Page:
Each type of international guest is limited to a particular service and specific limitations are mandated during their stay.
International Guest Lecturer – the business activity is for a professional conference/convention or consulting services lasting no more than 9 days.
International Guest Observer – the business activity is for scientific research, academic or clinical observation and/or training, or consulting services that no remuneration or compensation will be paid.
International Business Guest – does not include engaging in local employment or labor for hire. Self-employment is prohibited under B-1 or VWB classification.
The Business Visitor Visa (B-1 / VWB)
These types of business visitors travel to the U.S. for a specific purpose, such as business, scientific, educational, or professional conferences/conventions, training, or consulting with business associates. Most of these visitors will need a B-1 business visa to enter the U.S. Citizens of certain countries may be able to travel without a visa on the Visa Waiver Program (VWP) if their business is for a period of no more than 90 days. Since January 12, 2009, the Department of Homeland Security (DHS) requires all nationals of VWP countries to participate in the Electronic System for Travel Authorization (ESTA) prior to boarding a carrier to travel by air or sea to the United States.
US Customs & Border Protection (CBP) recommends that travelers submit ESTA applications as soon as an applicant begins making travel plans. ESTA applications may be submitted at any time prior to travel. Once approved, travel authorization will be valid for two years or until the applicant’s passport expires. The ESTA application will automatically cover I-94W submission.
This requirement does not affect U.S. citizens returning from overseas or citizens of VWP countries traveling on a valid U.S. visa, and allows DHS to determine whether a VWP traveler presents a threat long before the individual boards a U.S.-bound aircraft.
The United States federal government has established various laws in the compensation/payment of international individuals. All international individuals receiving any form of compensation/payments from Texas Christian University are required to complete information in Glacier, on line software. The software is designed to allow an individual to complete all information from any computer with an Internet connection. This information is used to determine an individual’s residency tax status (nonresident or resident alien for tax purposes) and eligibility to claim a tax treaty exemption and/or the nonresident social security tax exemption. The international employees will be notified by the Payroll Tax Coordinator, to complete the information in Glacier. For more information, click Glacier.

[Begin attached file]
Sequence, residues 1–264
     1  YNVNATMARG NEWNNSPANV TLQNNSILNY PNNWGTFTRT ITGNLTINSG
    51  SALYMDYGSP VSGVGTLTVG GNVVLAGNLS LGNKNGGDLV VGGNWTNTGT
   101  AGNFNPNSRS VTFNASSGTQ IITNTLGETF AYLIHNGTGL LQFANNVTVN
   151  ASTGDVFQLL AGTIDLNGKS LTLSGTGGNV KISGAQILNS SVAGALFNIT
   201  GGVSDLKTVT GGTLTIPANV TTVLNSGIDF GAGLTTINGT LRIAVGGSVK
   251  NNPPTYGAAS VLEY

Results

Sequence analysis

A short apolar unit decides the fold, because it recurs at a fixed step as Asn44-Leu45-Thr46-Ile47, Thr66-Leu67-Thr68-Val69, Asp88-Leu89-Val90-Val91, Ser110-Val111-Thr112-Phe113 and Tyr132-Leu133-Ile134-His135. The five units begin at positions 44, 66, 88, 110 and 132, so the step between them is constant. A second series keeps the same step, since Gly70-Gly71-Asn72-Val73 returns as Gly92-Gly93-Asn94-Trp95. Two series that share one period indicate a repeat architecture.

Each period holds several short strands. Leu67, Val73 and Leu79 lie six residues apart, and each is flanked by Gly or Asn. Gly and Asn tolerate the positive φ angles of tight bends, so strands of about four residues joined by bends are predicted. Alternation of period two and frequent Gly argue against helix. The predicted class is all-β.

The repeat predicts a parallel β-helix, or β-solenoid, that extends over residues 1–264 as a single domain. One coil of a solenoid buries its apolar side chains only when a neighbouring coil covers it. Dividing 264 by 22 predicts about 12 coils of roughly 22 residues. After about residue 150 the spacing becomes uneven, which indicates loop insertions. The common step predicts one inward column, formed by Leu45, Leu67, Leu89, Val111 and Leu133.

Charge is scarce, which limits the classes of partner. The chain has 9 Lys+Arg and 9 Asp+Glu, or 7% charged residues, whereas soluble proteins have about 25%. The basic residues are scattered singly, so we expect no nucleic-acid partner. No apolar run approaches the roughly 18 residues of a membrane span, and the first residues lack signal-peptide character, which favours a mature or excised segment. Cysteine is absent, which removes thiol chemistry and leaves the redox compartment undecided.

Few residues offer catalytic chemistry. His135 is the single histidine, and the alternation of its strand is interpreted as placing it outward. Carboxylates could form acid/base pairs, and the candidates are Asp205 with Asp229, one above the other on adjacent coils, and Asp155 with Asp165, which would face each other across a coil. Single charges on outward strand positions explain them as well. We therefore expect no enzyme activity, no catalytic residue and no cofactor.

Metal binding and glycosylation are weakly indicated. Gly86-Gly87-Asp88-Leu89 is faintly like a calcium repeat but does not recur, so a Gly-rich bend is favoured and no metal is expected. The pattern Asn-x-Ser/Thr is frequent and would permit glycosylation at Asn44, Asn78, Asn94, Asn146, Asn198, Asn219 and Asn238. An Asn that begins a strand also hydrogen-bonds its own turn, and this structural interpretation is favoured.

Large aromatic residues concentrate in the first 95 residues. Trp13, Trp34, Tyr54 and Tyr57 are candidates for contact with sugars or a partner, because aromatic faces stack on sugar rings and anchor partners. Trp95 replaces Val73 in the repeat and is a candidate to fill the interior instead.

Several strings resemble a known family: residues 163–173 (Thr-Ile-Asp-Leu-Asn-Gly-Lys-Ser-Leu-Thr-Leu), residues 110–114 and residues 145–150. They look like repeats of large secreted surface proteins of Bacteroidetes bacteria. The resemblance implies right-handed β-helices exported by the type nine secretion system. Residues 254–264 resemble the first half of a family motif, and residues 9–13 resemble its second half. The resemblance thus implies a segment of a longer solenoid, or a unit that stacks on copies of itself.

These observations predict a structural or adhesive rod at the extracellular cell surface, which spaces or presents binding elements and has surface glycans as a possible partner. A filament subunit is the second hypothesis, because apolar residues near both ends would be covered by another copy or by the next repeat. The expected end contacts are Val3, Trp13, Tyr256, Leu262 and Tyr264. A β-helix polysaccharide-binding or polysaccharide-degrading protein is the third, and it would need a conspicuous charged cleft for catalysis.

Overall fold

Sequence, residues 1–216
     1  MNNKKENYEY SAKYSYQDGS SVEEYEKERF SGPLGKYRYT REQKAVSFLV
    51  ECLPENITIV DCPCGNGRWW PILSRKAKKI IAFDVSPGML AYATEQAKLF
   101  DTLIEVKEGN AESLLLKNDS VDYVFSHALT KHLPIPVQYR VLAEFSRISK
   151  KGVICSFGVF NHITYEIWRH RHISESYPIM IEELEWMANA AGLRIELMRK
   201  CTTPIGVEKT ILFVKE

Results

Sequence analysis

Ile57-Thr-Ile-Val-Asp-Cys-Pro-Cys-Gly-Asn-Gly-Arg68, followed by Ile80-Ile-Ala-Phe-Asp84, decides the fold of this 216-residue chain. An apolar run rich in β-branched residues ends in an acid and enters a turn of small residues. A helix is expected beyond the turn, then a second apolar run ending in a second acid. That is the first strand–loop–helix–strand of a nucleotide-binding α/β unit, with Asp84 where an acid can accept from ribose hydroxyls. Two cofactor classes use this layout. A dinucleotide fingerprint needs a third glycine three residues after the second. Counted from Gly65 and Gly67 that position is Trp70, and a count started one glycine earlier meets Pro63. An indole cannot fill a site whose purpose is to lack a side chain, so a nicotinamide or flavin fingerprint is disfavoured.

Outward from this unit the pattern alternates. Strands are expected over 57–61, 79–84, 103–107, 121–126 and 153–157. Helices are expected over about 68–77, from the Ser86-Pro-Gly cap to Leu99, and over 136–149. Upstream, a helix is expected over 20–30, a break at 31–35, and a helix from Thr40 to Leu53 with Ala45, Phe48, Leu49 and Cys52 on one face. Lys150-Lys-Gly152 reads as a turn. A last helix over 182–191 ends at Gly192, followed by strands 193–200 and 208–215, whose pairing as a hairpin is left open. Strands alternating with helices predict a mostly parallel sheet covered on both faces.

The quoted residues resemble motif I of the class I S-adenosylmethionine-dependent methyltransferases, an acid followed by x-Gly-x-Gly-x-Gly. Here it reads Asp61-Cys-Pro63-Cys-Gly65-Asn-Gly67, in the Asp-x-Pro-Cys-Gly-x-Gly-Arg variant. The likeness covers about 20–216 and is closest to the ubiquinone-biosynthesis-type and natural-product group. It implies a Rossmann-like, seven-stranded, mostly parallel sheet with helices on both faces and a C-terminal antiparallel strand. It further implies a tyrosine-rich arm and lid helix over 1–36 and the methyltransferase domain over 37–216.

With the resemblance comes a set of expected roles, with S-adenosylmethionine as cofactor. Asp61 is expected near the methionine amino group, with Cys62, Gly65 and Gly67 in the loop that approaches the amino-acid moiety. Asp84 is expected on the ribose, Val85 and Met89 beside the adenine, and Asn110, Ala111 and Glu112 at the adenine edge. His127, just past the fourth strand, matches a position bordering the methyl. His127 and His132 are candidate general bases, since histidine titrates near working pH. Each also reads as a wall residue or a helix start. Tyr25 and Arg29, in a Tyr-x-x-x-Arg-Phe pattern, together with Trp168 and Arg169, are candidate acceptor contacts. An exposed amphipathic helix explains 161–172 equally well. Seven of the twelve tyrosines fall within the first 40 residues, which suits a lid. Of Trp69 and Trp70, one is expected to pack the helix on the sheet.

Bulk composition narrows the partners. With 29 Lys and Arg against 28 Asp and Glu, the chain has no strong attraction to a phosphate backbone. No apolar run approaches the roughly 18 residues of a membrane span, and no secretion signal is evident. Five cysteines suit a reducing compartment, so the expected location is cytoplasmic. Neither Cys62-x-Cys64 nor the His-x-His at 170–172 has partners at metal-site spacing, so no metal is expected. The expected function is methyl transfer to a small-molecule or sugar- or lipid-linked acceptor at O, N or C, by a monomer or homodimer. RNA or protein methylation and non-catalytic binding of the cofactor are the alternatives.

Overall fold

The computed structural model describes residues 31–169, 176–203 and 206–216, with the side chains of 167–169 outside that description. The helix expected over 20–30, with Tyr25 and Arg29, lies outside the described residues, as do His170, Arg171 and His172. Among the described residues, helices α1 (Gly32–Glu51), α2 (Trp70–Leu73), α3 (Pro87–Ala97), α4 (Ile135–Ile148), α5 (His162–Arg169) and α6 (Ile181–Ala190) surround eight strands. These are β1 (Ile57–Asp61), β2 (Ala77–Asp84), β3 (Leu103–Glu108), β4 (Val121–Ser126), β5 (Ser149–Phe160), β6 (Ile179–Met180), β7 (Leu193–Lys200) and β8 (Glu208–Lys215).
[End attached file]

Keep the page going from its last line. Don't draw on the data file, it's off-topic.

If you have additional questions, you may contact TCU Human Resources at 817-257-7790.
An honorarium is defined as a nominal payment to an individual given in gratitude for services rendered. This typically is a one time, non-recurring payment. While an honorarium may be interpreted as a fee, it is a payment given to a professional person for services for which fees are not legally or traditionally required. The giving of it and the amount are both discretionary. An honorarium is appropriately given to a person who has volunteered time and effort on behalf of the University and who is not otherwise being remunerated for the service provided. The individual should not stand to realize a profit or loss as a result of the service provided.
A B-1 or VWB business visitor may accept an honorarium payment and associated incidental expenses for usual academic activities if:
• The activities last no longer than 9 days at any single institution or organization;
• Payment is offered by an institution or organization described in INA 212 (p);
• The honorarium is for services conducted for the benefit of the institution or entity, and;
• The alien has not accepted such payment or expenses from more than five institutions or organizations over the last six months.